In two previous blogs I've told you about Halloween at Disney's Fort Wilderness Resort & Campground and I've described all the reasons why our dogs enjoy vacationing there. We just love "The Fort"; it's the best campground we've ever found and we always look forward to taking the RV there!
Have you wondered what it would be like to travel to your favourite vacation destination in a small house that rolls down the highway? There are no suitcases to carry, no weight restrictions, no limits to what we can bring and every night we sleep in our own bed! It's a great way to travel and we really enjoy it! Let me describe the experience for you.
On our first day we're always up bright and early, full of excitement. The RV is mostly packed so while Carol moves the last few perishable items from the fridge in the house to the fridge in the motor home I take the car to Tim Horton's and hurry back with coffee and a bite of breakfast. Then we check the lights on the car we tow behind the rig - yup, they work fine! The last chore is to hook the dog's harnesses to the seat belts on the couch and off we go. Zak and Blue are seasoned travellers and are quite cozy there. We usually pull away at about 7:00 a.m. We will travel 382 miles to Harrisburg Pennsylvania before we stop for the night.
This is when Carol can finally relax! She has been busy for days getting ready. We can't park the RV at home very long; it's too big to fit in our driveway. So Carol begins assembling everything we're taking along and she stacks most of it in a spare bedroom. The day before departure we pick up the motor home from the storage barn about 20 miles away, pull it up in front of the house and fill it with everything we'll need. Do I need warm weather clothes or cool weather clothes? Doesn't matter - bring them all and hang them in the closet. Clothing, food, cameras, computers, lawn chairs, totes full of decorations to fit the season and so much more, we stow it all away, hang the bikes on the bike rack and hook up the tow-car. Aaah! Now we're ready to leave in the morning!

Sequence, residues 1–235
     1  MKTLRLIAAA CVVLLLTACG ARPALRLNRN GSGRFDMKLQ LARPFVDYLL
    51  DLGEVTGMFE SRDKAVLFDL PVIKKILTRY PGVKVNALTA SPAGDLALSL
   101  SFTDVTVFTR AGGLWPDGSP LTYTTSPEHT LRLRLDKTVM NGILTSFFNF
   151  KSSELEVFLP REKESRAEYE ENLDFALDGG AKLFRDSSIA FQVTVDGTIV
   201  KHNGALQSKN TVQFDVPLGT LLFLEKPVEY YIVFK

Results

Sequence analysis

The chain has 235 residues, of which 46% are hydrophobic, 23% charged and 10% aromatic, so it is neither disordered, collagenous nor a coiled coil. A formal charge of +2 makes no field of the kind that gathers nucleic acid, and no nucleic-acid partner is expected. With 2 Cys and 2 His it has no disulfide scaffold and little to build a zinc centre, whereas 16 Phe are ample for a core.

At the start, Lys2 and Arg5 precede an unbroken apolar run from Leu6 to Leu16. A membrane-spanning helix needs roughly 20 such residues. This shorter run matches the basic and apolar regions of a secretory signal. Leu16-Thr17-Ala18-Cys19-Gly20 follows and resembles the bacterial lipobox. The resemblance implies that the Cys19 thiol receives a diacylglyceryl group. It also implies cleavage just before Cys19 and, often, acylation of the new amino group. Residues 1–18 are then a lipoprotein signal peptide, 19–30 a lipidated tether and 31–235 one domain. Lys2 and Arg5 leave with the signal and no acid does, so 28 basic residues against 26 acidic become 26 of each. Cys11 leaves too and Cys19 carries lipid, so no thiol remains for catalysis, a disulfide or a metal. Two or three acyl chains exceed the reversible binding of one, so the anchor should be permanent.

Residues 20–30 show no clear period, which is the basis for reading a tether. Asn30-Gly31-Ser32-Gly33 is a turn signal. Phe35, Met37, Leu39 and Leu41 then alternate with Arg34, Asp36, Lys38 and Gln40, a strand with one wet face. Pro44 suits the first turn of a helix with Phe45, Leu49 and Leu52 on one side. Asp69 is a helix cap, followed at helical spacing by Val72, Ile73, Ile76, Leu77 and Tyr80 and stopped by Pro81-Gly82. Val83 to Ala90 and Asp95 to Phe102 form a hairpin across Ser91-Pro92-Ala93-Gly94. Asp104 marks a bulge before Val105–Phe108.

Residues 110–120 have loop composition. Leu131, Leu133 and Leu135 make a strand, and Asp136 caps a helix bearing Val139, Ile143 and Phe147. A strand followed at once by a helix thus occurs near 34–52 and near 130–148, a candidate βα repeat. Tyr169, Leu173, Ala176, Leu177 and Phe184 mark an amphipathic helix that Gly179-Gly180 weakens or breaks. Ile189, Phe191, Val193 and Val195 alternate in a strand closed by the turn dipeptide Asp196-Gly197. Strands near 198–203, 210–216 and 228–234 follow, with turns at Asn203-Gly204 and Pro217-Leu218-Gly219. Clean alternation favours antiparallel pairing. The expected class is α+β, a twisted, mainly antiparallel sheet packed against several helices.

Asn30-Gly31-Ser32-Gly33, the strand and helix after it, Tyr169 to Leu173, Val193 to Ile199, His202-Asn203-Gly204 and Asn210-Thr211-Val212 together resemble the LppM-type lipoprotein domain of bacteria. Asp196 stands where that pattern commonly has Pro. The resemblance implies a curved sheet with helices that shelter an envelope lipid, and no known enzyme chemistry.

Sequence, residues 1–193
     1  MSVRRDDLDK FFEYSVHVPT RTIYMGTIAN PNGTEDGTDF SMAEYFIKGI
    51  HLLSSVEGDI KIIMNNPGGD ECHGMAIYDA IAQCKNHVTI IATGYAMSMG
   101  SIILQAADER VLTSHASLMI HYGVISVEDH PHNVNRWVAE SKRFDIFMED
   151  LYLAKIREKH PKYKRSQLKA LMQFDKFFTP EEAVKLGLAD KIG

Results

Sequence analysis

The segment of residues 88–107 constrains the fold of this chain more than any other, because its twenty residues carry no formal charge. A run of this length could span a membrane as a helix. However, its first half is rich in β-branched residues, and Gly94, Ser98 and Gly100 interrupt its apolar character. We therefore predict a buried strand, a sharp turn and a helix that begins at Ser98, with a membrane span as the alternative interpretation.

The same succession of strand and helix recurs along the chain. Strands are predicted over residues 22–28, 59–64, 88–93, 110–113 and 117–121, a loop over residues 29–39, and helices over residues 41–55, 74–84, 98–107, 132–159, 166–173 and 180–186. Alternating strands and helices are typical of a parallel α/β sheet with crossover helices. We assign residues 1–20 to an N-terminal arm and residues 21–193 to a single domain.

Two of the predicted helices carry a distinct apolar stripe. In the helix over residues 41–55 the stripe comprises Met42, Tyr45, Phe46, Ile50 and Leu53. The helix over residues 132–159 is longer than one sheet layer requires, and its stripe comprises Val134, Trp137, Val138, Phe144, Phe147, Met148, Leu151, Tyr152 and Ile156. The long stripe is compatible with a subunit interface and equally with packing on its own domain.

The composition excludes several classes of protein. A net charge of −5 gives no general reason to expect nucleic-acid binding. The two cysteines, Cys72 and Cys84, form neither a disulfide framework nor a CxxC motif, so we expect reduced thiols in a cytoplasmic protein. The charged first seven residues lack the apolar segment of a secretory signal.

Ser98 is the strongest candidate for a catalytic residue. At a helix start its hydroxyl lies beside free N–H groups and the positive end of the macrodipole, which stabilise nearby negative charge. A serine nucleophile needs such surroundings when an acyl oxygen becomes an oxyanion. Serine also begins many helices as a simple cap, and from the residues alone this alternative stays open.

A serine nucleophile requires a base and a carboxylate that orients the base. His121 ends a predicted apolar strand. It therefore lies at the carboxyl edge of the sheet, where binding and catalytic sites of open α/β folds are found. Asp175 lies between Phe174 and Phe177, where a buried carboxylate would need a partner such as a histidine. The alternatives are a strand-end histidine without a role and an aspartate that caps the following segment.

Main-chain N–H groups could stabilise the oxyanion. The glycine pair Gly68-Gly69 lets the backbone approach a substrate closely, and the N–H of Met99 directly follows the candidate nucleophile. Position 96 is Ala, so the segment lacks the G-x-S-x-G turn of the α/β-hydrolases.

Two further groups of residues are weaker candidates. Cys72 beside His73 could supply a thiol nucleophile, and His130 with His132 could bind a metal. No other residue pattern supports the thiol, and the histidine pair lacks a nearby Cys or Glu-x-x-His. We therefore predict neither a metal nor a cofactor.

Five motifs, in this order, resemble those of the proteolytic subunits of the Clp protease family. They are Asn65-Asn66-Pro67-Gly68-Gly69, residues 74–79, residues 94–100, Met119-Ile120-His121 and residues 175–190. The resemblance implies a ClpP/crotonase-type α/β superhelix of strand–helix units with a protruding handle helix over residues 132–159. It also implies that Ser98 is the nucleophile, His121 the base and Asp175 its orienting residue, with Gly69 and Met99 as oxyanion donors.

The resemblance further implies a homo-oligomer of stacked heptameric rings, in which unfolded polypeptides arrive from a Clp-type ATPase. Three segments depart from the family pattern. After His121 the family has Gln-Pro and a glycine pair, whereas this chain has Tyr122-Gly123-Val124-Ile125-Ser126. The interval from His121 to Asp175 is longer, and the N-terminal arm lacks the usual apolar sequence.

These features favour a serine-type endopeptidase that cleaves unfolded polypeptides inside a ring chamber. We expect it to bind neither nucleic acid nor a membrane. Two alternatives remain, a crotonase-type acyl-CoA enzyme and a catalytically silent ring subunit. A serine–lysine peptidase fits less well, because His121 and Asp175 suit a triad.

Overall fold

Within five minutes of departure we are eastbound on the freeway, Highway 401, for about 25 miles then we turn south and cross the Ivy Lea Bridge to Hill Island. This is the same bridge you see in the CircleVision Theatre at EPCOT's Canada Pavilion. When you fly down that beautiful section of the St. Lawrence River, dotted with islands and see that huge bridge you are less than 25 miles from or home.
Riding in the RV is much different than riding in your car. One of the big advantages is that you sit up high, well above the guard rails and barriers. The sight lines are great and we can see so many things that you miss riding in a car. Even when we are stuck behind a long line of traffic we can see over top of the cars ahead and determine what's going on well ahead of us.
The Canada/US border runs between Hill Island, Ontario and Wellesley Island, New York. There is seldom a long line when we arrive at about 7:30 a.m. so we are quickly through Immigration and southbound on Interstate 81. The process is much the same as if you were driving your car, you pull up, hand your passports out the window, answer a few quick questions and they hand back the passports and wave you on. Soon we cross the next bridge over the St. Lawrence as we leave Wellesley Island behind and continue south on the mainland.
The first few hours, through the most northern part of New York State, we see almost no traffic as we drive through rolling hills. I just set the cruise control at about 63 miles per hour and we watch the miles roll by! We move a bit slower than most traffic so I keep an eye on the mirrors and the back-up camera. That's the only way I can see the tow-car, it doesn't show in my mirrors.